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Having Trouble Planning A "Non-Religious" Office Party?

Having Trouble Planning A "Non-Religious" Office Party?

Photo by Pink Sherbet Photography, Flickr.com

Do you have trouble planning your holiday office party? Do you feel that there are too many people opposing to different things that you plan such as religious issues?

I am sure that this happens within many organizations and each year, everyone has something to say about what they feel would be the “best” way to celebrate the holidays. Of course, you also have people that do not celebrate the holidays as they don’t follow any religious followings and prefer not to have any religiousness tied into the celebrations.

Of of my readers asks:

I’m in the process of planning a Holiday Party for my office. It’s getting messy…really messy! Some people are very religious and have issues when others refer to their Christmas trees as Holiday trees. It’s been going further than that and someone brought up that Secret Santa is a Christmas event and shouldn’t occur during our non-denominational party. I’m not even sure what to plan for anymore, nor can I think of how to bring up these issues to those who aren’t aware of it.


How does one go about planning a holiday party without making people feel as though it is religious AND without making people feel as though it is doing an injustice to their religion?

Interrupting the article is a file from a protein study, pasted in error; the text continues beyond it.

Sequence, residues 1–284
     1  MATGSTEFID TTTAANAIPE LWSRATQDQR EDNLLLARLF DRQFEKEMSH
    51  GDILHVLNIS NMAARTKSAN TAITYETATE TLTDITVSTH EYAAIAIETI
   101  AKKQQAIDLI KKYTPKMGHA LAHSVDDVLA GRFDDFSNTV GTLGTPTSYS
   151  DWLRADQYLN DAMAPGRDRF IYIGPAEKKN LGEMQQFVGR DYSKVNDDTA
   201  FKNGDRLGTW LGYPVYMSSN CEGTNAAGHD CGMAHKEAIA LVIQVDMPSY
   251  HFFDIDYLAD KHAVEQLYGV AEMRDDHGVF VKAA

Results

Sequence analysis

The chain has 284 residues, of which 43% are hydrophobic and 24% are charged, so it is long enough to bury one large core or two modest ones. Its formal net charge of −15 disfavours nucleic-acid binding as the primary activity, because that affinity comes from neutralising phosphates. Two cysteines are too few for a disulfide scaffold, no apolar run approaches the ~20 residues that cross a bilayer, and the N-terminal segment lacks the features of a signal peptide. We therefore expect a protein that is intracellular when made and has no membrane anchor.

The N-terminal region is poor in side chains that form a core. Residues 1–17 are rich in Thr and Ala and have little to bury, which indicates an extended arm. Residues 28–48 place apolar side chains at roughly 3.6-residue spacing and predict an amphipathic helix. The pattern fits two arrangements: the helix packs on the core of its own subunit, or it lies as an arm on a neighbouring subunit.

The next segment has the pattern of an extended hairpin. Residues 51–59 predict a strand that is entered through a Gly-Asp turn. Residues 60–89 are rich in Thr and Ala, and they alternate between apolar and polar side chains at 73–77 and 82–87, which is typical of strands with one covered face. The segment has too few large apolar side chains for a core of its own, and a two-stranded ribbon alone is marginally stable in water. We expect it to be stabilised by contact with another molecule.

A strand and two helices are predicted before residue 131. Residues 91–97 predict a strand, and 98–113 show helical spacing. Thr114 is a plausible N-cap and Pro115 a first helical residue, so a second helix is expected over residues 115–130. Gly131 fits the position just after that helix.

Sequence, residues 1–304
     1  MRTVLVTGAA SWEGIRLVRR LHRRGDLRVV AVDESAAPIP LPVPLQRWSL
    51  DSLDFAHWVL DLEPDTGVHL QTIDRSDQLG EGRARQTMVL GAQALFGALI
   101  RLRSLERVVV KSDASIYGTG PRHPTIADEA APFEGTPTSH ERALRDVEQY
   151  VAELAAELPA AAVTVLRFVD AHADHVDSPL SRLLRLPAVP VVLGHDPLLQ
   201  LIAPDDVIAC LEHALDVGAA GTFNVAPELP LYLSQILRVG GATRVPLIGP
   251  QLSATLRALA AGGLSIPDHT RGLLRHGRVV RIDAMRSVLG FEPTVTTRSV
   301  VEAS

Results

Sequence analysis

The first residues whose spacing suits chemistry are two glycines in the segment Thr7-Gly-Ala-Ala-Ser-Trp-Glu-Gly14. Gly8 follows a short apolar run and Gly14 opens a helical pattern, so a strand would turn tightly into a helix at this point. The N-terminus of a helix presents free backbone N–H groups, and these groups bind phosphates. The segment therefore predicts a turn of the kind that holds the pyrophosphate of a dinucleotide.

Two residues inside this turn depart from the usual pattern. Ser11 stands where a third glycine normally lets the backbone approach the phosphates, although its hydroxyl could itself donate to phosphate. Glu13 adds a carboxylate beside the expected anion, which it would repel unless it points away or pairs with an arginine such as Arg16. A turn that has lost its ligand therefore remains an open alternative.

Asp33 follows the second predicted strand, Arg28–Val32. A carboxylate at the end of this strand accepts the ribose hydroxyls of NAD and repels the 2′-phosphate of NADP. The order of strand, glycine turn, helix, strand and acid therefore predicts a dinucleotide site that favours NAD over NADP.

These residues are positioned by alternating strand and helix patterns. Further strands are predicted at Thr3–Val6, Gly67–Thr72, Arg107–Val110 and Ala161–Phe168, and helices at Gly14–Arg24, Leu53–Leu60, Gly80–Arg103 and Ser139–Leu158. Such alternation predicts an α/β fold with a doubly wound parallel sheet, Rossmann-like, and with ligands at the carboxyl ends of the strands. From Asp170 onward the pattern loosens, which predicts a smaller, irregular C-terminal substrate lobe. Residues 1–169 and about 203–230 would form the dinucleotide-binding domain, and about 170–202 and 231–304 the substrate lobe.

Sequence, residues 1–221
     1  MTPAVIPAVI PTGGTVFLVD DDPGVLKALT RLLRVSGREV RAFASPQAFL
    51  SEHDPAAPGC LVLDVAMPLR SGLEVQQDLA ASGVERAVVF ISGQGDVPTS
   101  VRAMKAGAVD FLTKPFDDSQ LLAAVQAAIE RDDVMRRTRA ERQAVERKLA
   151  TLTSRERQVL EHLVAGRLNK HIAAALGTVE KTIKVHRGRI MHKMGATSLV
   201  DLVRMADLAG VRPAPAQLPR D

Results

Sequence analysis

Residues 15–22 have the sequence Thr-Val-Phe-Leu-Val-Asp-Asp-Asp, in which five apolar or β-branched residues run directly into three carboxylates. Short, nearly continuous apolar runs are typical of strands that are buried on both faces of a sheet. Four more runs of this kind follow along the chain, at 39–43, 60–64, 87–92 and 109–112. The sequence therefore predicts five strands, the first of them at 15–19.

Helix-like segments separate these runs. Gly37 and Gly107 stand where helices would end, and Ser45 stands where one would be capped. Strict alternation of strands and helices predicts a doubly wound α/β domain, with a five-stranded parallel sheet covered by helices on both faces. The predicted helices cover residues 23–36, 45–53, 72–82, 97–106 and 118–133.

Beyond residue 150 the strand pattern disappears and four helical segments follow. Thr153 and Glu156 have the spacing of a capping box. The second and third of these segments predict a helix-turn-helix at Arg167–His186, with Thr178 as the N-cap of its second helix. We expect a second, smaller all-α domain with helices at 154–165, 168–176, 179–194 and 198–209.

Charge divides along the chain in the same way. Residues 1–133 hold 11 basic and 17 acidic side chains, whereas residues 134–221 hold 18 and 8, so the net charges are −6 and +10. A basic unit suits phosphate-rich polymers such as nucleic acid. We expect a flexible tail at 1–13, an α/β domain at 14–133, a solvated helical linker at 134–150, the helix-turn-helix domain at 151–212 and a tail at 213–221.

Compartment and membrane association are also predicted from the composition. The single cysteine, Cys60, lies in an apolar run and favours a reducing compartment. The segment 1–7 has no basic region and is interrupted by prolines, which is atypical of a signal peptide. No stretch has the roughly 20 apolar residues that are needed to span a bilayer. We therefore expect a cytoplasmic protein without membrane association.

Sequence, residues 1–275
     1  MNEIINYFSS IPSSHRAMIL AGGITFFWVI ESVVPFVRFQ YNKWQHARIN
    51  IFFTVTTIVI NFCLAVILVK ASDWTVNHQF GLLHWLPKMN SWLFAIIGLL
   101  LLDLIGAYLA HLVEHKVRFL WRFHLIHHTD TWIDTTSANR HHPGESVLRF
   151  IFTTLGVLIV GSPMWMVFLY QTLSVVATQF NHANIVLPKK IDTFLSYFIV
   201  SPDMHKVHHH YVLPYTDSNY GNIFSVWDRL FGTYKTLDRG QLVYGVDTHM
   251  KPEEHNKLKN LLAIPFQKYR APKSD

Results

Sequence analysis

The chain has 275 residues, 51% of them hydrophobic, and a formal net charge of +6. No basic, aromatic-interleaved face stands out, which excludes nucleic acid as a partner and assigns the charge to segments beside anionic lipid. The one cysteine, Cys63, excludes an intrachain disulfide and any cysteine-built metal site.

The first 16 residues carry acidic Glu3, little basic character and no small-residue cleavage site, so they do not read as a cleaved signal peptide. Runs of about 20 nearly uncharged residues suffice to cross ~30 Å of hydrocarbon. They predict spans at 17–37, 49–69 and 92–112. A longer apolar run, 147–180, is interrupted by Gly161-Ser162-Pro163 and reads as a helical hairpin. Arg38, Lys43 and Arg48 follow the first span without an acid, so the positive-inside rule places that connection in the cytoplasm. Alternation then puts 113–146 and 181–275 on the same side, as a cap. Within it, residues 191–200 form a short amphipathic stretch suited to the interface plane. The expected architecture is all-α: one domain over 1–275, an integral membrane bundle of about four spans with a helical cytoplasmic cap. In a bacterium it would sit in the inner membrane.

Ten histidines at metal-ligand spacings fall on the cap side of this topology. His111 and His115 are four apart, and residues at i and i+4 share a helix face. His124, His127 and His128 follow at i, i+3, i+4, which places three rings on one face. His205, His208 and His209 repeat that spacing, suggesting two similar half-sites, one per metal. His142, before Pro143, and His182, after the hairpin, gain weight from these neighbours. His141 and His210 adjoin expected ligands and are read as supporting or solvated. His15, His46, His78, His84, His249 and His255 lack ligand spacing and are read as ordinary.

My answer to this is:

What I’ve done in the past with these types of parties is to get everyone’s input on how they feel that the party would be best run, taking into account that there shouldn’t be any religious ties to it. This way, everyone will enjoy themselves and not feel that they are being ridiculed because of their religion.


If people are not in agreement to exchanging gifts, then so be it. I would tell them that it’s a nice thought, but there’s no religious ties to it. If they feel that they want to give gifts, it should be because it’s something that they want to share with the entire team, not because of religious reasons. It all depends on how everyone feels about this. You don’t want to leave anyone out.

If all else fails, tell everyone that due to the lack of consensus, you are forced to not hold a party at all. This way, the onus will not be on you, as everyone else could not make up their minds. I know that this sounds harsh, but you want to make sure you cover yourself. Remember that you are trying to do something nice for everyone and if people don’t pitch in, you can’t act Superman / Superwoman and take care of everything.

You can also do some further reading on catering for your office party on my post entitled “Let Your Staff ‘Cater’ To Themselves”, which talks about online catering that each individual staff member takes care of themselves. This helps you cut down on the number of tasks that you have to juggle.

Is there anything else that you can think of that would help people come to some sort of agreement with this issue? Please leave a comment and let us know.

Related Reads:
Do-It-Yourself Career Development
Earning Your Rightful Place at the Top
Are You Emotionally Intelligent?
Dying to Get Ahead? 10 Tips for Reinventing Yourself


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